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Meg Merzilus This work has been published in the Teen Ink monthly print magazine.

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     I stumble down the shiny steps that reflect the morning sun, rubbing sleep from my eyes. There she sits, in her long billowy nightgown on our living room couch, fanning herself with an old issue of Newsweek, like a queen on her throne. My mother is reading Willa Cather’s My Antonia, eyes flitting across the page. Strong hands turn the pages, hands that make freshly squeezed orange juice in the morning and rub my back when I can’t fall asleep. I call her name, but her mind is in another place. She senses my gaze, looks up and smiles, happy-lines creasing her cheeks.

I watch her return to her book and ponder our differences. We don’t look anything alike. My mother’s eyes are grayish-blue and her dirty blonde hair was once golden. The strong Caribbean sun has tanned her skin to a light brown. It gives her a healthy glow, and the contrast makes her eyes an even more striking blue. She’s not vain, but my mother has always complained about her strong German nose. If you look closely, the bridge has a faint scar, the only evidence of breaking it twice.

Her voice is always full of laughter. It’s soft, with a hint of a lisp that speech therapy could not erase. When my brother and I were younger, she would read to us. Her voice mimicking the accents - Cockney, Italian, French - making the stories come alive. Our voices sound similar on the phone, sometimes tricking even my grandmother.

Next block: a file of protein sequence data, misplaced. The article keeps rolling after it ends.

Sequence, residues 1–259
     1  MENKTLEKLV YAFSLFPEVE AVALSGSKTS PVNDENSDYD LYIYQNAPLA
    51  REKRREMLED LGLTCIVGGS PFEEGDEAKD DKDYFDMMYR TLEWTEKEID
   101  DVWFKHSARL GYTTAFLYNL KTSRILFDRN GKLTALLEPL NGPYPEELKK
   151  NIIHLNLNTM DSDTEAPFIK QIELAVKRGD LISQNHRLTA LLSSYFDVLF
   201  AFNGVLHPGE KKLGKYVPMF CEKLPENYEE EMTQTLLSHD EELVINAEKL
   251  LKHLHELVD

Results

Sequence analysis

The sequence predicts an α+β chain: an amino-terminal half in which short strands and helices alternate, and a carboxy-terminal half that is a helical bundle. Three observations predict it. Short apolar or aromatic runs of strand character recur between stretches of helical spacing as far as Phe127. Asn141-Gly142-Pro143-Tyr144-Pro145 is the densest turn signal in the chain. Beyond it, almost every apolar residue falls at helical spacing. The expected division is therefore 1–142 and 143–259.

A straight-A student in school, my mother has a great appreciation for learning. She always has books tucked into her overflowing purse in case she finds a spare minute. Most afternoons you can find her huddled up in a rocking chair on our porch, book in hand. Her favorites are well-worn because she’s read them over and over. I’ve come to appreciate books because of her.

I admire my mother’s adventurous and brave spirit. Moving to a foreign country at the age of 22, she was somewhat naive, but she was ready to help the needy orphans of Haiti. She convinced my father to vacation in Europe, and led my family around the crowded streets of Paris and the windy, narrow alleys of Venice. Rarely complaining about our busy schedule, she withstood our constant complaining and badgering.

As I sit on the couch, watching her, I realize how beautiful my mother is. She possesses an inner beauty that radiates around her. She’s not perfect, but her self-sacrifice and honesty are qualities that I hope are visible in me as well.


This work has been published in the Teen Ink monthly print magazine. This piece has been published in Teen Ink’s monthly print magazine.




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